Falling Out of Lead

Kristi Berg offers tips to keep a horse from falling out of lead when loping with speed.

Q My horse slips out of lead behind when we lope large, fast circles. What can I do at home to work on this problem, and what should I do in the show pen to prevent it from happening?

By anticipating your horse making any mistake, including changing leads behind, you can will it to happen. Instead, maintain your body position yet be prepared to correct the mistake if it happens.

Mikayla Brown, Kansas

A It’s frustrating when a horse regularly falls out of lead during fast circles, especially if you compete and get hit with a penalty every time it happens.

I suggest starting with a hard look at yourself before you blame your horse for this problem. Are you riding centered above your horse? If not, your leaning can make him lean, too, predisposing him to fall out of lead. Do you anticipate the mistake?

Anticipation can will it to happen. Are you overcorrecting a smaller problem? You also can cause lead problems by pushing your horse crooked the other way by moving his hip over too far, or by picking up his shoulder too much.

Think about using both legs and centering your hands. Even if your horse is uneven, you should be centered. It’ll lead your horse to correct himself, because the only way he’ll find the middle (and straightness) is if you’re there.

Once you’re sure that you’re not the cause of the problem, here are three other measures to take.

Get Squared-Up
Be sure that your horse is loping squarely between your hands and legs. By that, I mean his shoulders are up, his hindquarters are underneath him, and his head and neck are in alignment with his spine.

LEFT: For maintaining your horse’s straightness, it’s essential that you ride centered above him. If you lean in one direction, he will, too, and that increases the chance that he’ll fall out of lead behind. RIGHT: If your horse falls out of lead, quietly and softly stop him, gently drawing him into the ground rather than stopping hard. You can see that my horse is pretty stiff here, further hindering her straightness.

You want the horse right between your reins and legs. It’s something you’ll feel. Lift your rein hand in the center, over the saddle horn, and place pressure on your horse’s sides until you feel like there’s the same amount of horse on each side of an invisible line that goes down your horse’s spine. When you square up, he’ll place less pressure on the reins, so you might even feel the weight come off your hands.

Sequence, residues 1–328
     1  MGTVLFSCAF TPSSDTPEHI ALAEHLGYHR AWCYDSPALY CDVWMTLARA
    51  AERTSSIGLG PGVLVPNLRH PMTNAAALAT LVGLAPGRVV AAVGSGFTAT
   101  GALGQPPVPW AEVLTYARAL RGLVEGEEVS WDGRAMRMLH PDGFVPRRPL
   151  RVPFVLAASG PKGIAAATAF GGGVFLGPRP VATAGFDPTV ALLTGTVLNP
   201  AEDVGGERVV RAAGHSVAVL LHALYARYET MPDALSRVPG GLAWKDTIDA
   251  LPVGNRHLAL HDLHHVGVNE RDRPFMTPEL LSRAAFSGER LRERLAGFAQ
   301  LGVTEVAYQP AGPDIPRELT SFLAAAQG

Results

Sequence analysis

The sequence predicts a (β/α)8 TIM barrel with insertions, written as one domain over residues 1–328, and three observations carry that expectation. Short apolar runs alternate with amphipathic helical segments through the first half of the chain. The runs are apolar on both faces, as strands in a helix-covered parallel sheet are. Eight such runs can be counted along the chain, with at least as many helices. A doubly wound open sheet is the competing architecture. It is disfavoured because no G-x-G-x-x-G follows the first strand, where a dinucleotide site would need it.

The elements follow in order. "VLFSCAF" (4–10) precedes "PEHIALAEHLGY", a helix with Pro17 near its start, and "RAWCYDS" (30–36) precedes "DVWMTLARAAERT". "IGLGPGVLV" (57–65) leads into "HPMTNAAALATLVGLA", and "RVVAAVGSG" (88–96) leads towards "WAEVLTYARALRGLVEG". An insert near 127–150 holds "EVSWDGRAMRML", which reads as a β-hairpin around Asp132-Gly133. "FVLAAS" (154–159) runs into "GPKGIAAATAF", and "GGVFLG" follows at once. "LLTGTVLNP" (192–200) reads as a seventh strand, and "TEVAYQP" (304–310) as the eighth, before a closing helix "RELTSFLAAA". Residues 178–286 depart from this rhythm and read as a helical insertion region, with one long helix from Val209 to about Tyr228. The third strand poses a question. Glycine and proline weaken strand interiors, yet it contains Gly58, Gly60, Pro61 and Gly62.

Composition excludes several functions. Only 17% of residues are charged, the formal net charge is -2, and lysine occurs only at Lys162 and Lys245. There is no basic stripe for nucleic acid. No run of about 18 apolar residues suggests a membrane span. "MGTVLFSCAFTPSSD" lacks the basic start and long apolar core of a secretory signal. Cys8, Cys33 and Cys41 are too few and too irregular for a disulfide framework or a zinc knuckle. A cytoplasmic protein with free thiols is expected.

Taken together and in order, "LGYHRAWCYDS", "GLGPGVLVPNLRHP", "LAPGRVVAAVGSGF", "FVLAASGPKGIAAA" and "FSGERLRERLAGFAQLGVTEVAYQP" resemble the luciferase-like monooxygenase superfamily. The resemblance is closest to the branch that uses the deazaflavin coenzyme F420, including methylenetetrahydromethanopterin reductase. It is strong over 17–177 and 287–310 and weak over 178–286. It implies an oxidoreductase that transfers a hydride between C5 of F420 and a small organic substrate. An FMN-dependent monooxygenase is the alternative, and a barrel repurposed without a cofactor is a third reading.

You don’t want to see more of the horse on either side of the reins. Instead, look for an even amount of horse under your hands. You’ll probably need to look down to get the visual at first, but then you’ll be able to feel it. Until you get the feel, just glance down; don’t stare. You need to look where you’re going.

With his body square underneath you, it’s harder for your horse, and you, to lose control of his hips, even when traveling with speed. If he’s not leaning into the circle, he’s less apt to fall out of lead behind.

Stop and Start Over
If your horse falls out of lead behind, make a steady, straight stop—don’t slam him into the ground, which could break his confidence about stopping. Rather, draw him into the ground for a soft, slow stop. Once he’s stopped, get your horse squared up with the tips I mentioned in the previous section, and then walk or trot forward. If your horse still isn’t quite square from the tip of his ears to the end of his tail, trot a few circles to work on that straightness. If he can’t maintain straightness at a trot, he certainly can’t do it at a lope.

Once your horse is straight, ask for a lope again. Then build speed, and see what happens. If your horse falls out of lead again, start the drill over and repeat until he can complete a circle without changing leads behind.

Move His Hip
Once you’ve achieved straightness, continue working at a walk or trot. Use your outside foot, placed behind the cinch, to push your horse’s hips to the inside of the circle as you come through the middle of the arena, almost sidepassing to the inside of the circle. This helps your horse listen to your outside leg. Success with this drill means that you could feel your horse start to change leads behind, but put your outside leg on and offer support to keep him in lead.

This is a great example of my horse being square between my reins and legs. Her body doesn’t bulge out on one side or the other.

As a bonus, you’ll achieve better control over your horse’s body, which is always beneficial. But I do caution: Don’t overdo this exercise, because you don’t want to swap your horse’s leaning tendencies in the opposite direction.

Check Your Speed
Some horses just can’t handle a high rate of speed, whether due to conformation or temperament. You must know your horse and accept his limitations. If this is the case for your horse, in the show pen I suggest playing it safe when it comes to your fast circles. Instead of trying to earn points in those maneuvers, work to stay clean and out of the penalty box.

Kristi Berg, Temecula, California, is a lifelong horsewoman and native Californian. She’s worked for top trainers, including Todd Crawford and Pete Kyle, and now owns and operates Berg Performance Horses with her husband, Mike. The pair coaches non-pro riders and shows open horses in reining and cow horse events.

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